Public Health

Consumers still at risk for harmful over-the-counter drug products of all types because of soft federal regulations.

News Release | TexPIRG Education Fund | Public Health

New Report: Toxic waste cleanup efforts lag, putting Texans at risk

A new report finds that only 10 of the nation’s most toxic Superfund sites were cleaned up in Fiscal Year 2020 -- less than one seventh of the annual total in the 1990s. Environment Texas Research and Policy Center found that insufficient funding jeopardized the cleanup of 55 existing Superfund sites in Texas, as well as potential new sites such as the creosote plume underneath the Fifth Ward and Kashmere Gardens neighborhoods in Houston, where two cancer clusters have been discovered. 

“Millions of Texans live near these sites, which have chemicals either proven to cause -- or suspected of causing -- major health problems,” said Catherine Fraser, an associate with Environment Texas. “Congress’ failure to reinstate a Polluter Pays Tax to ensure cleanup at these sites is a choice to prioritize their bottom line over the lives of Americans.”

Report | TexPIRG Education Fund | Public Health

Superfund Unfunded

In 1980, Congress passed the Comprehensive Environmental Response, Compensation and Liability Act (CERCLA), informally called Superfund. The Superfund program was given the authority and funds to hold polluters responsible for cleaning up contaminated waste sites or clean up the sites themselves if no responsible party can be found or afford the cleanup. These toxic waste sites house some of the most “hazardous chemicals known to humankind.” The Superfund toxic waste program protects people from these contaminants and the serious health problems associated with them.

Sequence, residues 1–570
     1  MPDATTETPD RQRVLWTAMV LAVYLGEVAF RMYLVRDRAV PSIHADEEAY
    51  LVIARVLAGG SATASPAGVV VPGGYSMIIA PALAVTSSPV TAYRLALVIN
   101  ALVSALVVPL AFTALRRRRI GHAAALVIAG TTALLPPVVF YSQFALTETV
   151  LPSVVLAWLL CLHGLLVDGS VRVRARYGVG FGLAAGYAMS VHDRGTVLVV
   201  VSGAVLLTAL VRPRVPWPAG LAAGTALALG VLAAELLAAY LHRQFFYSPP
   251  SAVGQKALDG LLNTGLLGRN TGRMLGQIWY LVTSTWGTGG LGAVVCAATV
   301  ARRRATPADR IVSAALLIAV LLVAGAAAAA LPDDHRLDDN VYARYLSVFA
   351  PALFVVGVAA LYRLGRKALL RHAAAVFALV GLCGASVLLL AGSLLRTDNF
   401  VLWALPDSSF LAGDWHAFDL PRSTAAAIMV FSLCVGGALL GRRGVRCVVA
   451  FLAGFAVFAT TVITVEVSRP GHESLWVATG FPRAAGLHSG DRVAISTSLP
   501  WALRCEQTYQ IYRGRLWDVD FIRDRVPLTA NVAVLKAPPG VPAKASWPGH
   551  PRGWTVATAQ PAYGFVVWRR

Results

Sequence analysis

The program was originally funded by a tax on the chemical and petroleum industries, but that tax expired in 1995, and now the money for the Superfund program has come primarily through appropriations from the general revenue. As appropriations have decreased over the past two decades, cleanup has slowed, putting more people at risk for longer from hazardous contamination.

Nursing homes across the country still need more PPE

By | Teresa Murray
Consumer Watchdog

It’s unconscionable that some of our most vulnerable populations and their caregivers are being put in such danger during a global pandemic. But it doesn’t have to be this way — not if our country acts right now to ramp up production and distribution of PPE to where it’s needed most.

20 Questions to Ask Your Nursing Home during COVID

By | Teresa Murray
Consumer Watchdog

Whether you have a loved one currently in a nursing home or rehabilitation facility, or whether you’re shopping for one, you should arm yourself with a list of questions to gauge how safe the environment is. Here’s a guide to those questions, and the answers you should expect.

COVID-19 and the question of priorities

By | Douglas H. Phelps
Chairman, U.S. PIRG; President and Executive Director, The Public Interest Network

To keep the sickest people alive during the novel coronavirus (COVID-19) pandemic, we need ventilators. We don’t have them — and that says something about our priorities.

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